PITTSBURGH (KDKA) — Describing transplant surgeon Dr. Thomas Starzl isn’t hard – visionary, pioneer, passionate, and compassionate.
But beneath the list of adjectives was a man who saved lives.READ MORE: Pittsburgh Police Investigating Threat Made Toward Pittsburgh Central Catholic
“He was absolutely my hero and still is. He did save my life. He is the reason I am here,” former patient Renee Williams said.
Williams was 14 months old when she received a liver transplant. She was born with a genetic disorder, alpha one antitrypsin. Dr. Starzl was her transplant surgeon.
“All little kids have superheroes and he was mine. I grew up idolizing him and just looked at him as this God,” Williams said.
From his early days at the University of Colorado – in the early 60s when organ transplants were considered “experimental” – to his days at the Thomas Starzl Transplantation Institute in Pittsburgh, one thing remain constant. He knew his patients by name, he knew their stories, and they wanted to thank him.'You Are Not Alone:' Mother Of Domestic Violence Victim Challenging Men To Speak Up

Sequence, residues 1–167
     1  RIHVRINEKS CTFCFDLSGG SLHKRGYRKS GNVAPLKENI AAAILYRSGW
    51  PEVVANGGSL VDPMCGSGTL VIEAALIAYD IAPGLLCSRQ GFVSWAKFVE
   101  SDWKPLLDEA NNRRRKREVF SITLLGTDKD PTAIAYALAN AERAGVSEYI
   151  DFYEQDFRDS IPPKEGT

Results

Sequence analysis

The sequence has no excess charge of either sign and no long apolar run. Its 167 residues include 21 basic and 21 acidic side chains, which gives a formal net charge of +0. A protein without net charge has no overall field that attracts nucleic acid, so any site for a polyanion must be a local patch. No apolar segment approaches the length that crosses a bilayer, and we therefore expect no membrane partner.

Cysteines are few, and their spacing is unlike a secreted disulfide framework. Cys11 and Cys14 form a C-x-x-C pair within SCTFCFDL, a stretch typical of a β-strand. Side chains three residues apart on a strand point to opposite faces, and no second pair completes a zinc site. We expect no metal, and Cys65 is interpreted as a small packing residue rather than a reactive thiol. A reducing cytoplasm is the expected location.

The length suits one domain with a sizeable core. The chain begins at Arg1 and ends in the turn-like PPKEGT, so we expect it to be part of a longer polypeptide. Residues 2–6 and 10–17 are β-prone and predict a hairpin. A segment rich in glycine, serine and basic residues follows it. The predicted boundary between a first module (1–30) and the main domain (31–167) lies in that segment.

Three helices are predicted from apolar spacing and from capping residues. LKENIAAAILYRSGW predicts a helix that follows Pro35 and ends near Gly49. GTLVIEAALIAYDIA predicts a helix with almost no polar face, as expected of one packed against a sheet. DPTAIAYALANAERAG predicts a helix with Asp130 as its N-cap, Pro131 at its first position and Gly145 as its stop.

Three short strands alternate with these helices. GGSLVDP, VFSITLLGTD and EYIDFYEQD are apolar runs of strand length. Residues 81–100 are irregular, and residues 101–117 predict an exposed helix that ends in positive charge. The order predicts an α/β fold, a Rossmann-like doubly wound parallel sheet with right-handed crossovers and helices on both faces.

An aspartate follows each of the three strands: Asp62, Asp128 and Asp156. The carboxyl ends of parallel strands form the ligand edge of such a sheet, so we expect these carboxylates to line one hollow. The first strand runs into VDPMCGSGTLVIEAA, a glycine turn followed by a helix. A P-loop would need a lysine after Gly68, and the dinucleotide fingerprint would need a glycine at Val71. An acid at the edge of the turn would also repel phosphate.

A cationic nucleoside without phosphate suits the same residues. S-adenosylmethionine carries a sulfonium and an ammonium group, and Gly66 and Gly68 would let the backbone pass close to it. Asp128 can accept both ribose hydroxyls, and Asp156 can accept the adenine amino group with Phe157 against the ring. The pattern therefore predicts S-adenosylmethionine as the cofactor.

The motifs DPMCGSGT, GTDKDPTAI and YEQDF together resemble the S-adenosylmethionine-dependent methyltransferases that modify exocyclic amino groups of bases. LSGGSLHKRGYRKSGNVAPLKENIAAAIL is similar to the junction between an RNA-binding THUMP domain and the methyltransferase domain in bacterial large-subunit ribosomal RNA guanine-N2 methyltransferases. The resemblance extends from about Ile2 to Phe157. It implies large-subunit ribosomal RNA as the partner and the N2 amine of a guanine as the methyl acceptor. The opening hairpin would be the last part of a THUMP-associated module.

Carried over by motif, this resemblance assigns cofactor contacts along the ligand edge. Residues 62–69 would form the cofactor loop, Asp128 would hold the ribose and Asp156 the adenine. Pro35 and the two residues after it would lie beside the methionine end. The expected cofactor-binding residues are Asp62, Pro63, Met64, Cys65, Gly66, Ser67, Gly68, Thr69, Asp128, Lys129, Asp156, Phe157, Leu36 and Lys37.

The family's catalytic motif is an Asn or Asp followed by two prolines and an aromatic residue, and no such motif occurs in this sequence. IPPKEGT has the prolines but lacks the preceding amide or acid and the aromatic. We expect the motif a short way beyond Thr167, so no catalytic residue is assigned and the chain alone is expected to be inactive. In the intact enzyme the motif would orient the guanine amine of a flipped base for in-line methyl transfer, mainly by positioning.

Frank Sarris, of Sarris Candies, was one of those patients.
“I met him after Frank had the transplant and for some reason, he took a liking to us and we loved him. Frank thought he was God, and we became very close friends,” Athena Sarris said.
In fact, the outpatient clinic at the Starzl Institute bears the Sarris name.
Dr. Starzl had a personal side that he shared with his patients. He was married to his wife, Joy, for 36 years, and together they built relationships with the very people Dr. Starzl had operated on years earlier.
To say his patients were grateful almost feels like an understatement.MORE NEWS: State Senator Pat Stefano Introduces Legislation To Expand Pennsylvania's Castle Doctrine Law
“For a long time, I wanted to make him proud of everything I did,” Williams said. “There are no words. I tried to several times, to say thank you.”